In Indonesia, Obama Knocks Israel Settlements

In Indonesia, Obama Knocks Israel Settlements

By Scott Conroy - November 9, 2010

President Obama arrived in Indonesia on Tuesday and introduced First Lady Michelle Obama to the country where he lived from the ages of six to 10. He also reflected on the memory of his mother who raised him there.

Speaking at a press conference in Jakarta alongside Indonesian President Suslilo Bambang Yudhoyono, Obama said that he "barely recognized" the country's capital city.

After soaking in the poignant return to his old home, Obama weighed in on two international flash points thousands of miles away: the Middle East and China.

Asked whether the planned construction of new Israeli housing settlements in East Jerusalem might undermine his administration's Middle East peace efforts, Obama said that he had not been fully briefed on the latest developments on Israeli settlements but added a strong note of caution.

"This kind of activity is never helpful when it comes to peace negotiations," Obama said. "And I'm concerned that we're not seeing each side make the extra effort involved to get a breakthrough that could finally create a framework for a secure Israel living side and side -- side by side -- in peace with a sovereign Palestine."

Obama added that his administration would "keep working on it," since it was in the interest of Israelis, Palestinians and the rest of the word to achieve an agreement.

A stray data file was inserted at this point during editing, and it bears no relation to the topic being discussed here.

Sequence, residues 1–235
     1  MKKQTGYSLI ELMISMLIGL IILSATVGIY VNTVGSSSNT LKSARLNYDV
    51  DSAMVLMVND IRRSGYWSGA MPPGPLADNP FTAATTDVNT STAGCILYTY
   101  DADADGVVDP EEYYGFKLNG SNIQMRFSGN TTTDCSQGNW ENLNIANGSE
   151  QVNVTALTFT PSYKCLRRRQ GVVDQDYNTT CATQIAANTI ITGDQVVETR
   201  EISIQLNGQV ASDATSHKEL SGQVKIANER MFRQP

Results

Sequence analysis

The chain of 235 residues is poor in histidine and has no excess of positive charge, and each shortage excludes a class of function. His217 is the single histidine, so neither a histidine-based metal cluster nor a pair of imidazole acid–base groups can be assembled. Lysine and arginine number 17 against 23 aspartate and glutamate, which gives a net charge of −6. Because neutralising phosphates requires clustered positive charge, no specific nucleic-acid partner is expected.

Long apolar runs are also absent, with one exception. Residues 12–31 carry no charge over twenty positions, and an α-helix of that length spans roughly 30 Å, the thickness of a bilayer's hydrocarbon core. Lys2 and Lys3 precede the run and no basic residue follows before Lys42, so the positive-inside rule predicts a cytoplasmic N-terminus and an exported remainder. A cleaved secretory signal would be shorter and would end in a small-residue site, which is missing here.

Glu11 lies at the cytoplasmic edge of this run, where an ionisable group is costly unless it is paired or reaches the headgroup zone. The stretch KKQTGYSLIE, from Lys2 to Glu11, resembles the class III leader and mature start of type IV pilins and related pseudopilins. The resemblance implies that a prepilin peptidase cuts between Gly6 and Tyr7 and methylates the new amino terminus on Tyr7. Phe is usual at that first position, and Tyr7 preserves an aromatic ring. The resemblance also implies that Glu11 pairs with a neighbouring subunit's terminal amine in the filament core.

"But each of these incremental steps can end up breaking down trust between the parties," Obama added.

Obama also spoke about China in advance of his meeting with Chinese President Hu Jintao on Thursday at the G-20 economic summit in South Korea, as the controversy over accusations of Chinese currency manipulation continued to simmer.

"What we agreed to in previous meetings of the G-20 is that we need to establish a framework for more balanced growth; we have not yet achieved that balanced growth," Obama said without singling out China in particular. "You're seeing some countries run up very big surpluses and intervening significantly in the currency markets to maintain their advantage when it comes to their currency."

Obama added that it was "good for the United States" for China to continue to pursue its path of economic development, which has expanded the global market and lifted millions out of poverty. The president then added a caveat.

"We do want to make sure that everybody is operating within an international framework and sets of rules in which countries recognize their responsibilities to each other," Obama added. "That's true for the United States, that's true for China, that's true for Indonesia."

After the joint press conference, Obama was regaled at a state dinner, in which he commended Indonesia's president for honoring the memory of his mother and the anthropological research she conducted during her time living in the country.

"She believed that we all share common aspirations -- to live in dignity and security, to get an education, to provide for our families, to give our children a better future, to leave the world better than we found it," Obama said. "She also believed, by the way, in the importance of educating girls and empowering women, because she understood that when we provide education to young women, when we honor and respect women, that we are in fact developing the entire country."

On Wednesday morning, Obama will deliver a speech at the University of Indonesia in front of an expected crowd of thousands before taking off for South Korea.

In his speech, Obama will talk more extensively about his childhood memories of Indonesia and will expound upon his view of America's relationship with the Muslim world, building on many of the themes that he first spoke about in his June 2009 address at Cairo University in Egypt.

Scott Conroy is a national political reporter for RealClearPolitics. He can be reached at Follow him on Twitter @RealClearScott.

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